History, sociology faculty support student protesters, urge Schapiro to act


Daily file photo by Colin Boyle

Harris Hall, home of the History Department. Members from the History department sent a statement to President Schapiro supporting student protesters.

Emily Sakai, Assistant Campus Editor

Northwestern history and sociology faculty signed or issued statements supporting students protesting for the abolition of University Police and urging University President Morton Schapiro to listen to them.

Members of the History department sent a statement to Schapiro and other administrations calling University leadership to address the “urgent recommendations” of the African American Studies department outlined in their Oct. 15 and Oct. 20 letters. The History department’s statement has over 170 signatures, of which are predominantly professors and graduate students across many departments, though students and alumni are also represented on the list. 

“We affirm our commitment to racial equity and justice in all sectors of society, including higher education,” the statement reads. “Thus we stand in solidarity with our students protesting racist policing and with our colleagues in the Department of African American Studies.”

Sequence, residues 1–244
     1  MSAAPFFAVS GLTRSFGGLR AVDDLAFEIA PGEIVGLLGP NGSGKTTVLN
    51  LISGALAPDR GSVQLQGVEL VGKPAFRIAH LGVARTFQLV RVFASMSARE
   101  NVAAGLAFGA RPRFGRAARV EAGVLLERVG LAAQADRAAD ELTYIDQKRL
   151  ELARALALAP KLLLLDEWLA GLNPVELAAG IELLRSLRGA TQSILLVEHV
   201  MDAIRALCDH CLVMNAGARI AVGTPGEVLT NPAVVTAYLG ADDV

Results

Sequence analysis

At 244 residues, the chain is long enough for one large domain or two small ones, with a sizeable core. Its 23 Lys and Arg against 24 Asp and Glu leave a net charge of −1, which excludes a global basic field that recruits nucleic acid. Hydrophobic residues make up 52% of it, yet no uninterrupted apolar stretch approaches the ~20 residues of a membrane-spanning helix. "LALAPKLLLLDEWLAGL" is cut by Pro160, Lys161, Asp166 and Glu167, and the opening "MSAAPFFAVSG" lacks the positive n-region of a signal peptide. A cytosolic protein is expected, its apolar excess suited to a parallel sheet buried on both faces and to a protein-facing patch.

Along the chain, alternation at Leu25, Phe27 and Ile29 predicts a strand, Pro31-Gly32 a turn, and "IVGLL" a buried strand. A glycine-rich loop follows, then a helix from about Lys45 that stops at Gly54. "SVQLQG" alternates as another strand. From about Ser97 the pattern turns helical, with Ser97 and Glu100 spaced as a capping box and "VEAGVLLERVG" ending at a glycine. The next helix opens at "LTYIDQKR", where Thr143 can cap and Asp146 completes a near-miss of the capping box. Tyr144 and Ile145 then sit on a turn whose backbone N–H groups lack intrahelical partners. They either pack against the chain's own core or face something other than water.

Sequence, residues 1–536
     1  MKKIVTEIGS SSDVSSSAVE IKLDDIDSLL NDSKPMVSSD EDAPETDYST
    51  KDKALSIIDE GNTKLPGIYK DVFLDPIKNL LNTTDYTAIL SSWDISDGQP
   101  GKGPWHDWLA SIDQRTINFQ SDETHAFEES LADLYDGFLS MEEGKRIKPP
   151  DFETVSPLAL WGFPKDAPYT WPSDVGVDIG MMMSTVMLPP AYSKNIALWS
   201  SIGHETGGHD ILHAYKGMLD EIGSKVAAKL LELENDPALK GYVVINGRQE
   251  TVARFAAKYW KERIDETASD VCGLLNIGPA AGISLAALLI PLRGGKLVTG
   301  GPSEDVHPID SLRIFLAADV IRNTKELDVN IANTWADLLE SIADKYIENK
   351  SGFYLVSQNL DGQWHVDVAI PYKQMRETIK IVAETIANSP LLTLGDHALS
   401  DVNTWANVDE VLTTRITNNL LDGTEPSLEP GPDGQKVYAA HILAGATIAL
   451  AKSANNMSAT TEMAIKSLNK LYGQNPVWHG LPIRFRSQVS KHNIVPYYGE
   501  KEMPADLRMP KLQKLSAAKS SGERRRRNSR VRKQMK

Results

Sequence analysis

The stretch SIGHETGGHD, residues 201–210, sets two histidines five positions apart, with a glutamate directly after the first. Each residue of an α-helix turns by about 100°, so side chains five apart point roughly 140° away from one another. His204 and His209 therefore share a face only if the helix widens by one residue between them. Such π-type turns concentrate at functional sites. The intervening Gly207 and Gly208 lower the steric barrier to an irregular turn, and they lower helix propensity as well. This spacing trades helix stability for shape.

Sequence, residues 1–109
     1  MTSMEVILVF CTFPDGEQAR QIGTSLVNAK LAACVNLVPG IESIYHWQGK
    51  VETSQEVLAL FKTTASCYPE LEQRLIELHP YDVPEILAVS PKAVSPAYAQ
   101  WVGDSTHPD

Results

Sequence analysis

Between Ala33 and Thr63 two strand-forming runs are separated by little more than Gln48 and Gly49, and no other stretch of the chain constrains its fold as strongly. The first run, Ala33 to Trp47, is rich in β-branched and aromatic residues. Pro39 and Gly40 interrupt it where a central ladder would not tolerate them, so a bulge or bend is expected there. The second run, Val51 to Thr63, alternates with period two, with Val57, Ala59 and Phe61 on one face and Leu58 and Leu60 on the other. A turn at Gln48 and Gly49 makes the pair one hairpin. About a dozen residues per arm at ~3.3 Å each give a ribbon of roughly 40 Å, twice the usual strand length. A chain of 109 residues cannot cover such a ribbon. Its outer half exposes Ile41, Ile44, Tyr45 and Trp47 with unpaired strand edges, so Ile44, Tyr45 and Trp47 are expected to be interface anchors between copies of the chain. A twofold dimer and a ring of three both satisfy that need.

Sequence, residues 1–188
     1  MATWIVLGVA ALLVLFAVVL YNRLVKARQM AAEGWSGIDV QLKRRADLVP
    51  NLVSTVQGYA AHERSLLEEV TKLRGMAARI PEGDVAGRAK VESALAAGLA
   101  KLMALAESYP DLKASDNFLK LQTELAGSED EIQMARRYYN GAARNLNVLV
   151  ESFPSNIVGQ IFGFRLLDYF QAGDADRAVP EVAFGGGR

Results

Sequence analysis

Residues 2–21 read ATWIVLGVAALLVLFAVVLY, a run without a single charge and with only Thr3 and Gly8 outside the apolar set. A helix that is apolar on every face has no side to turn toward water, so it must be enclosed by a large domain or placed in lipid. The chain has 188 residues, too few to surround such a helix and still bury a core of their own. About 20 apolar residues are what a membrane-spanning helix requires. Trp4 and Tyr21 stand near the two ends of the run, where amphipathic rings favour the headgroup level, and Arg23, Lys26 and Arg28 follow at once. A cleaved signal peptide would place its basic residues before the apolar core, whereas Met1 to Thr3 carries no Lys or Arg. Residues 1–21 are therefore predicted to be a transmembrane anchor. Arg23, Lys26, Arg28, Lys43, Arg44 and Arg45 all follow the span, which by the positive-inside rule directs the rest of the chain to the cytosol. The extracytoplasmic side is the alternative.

The statement comes after multiple individual departments have condemned Schapiro’s Oct. 19 email response to the protesters, including the African American Studies department, Political Science department, Anthropology department, Asian American Studies program, Latina and Latino Studies program.

The sociology department issued a statement to Schapiro Saturday in “strong objection” to his Oct. 19 email. The protesters’ voices, the faculty wrote, deserve “respect and consideration.” As faculty, they wrote they stand behind the “courageous students” protesting and support them in the exercise of their right to free speech.

“As scholars of race and racism, of policing, of hate speech, of protest and social movements, we understand the gravity of the problems the protesters are raising and the difficulties facing them in attempting to achieve meaningful change,” the department wrote.

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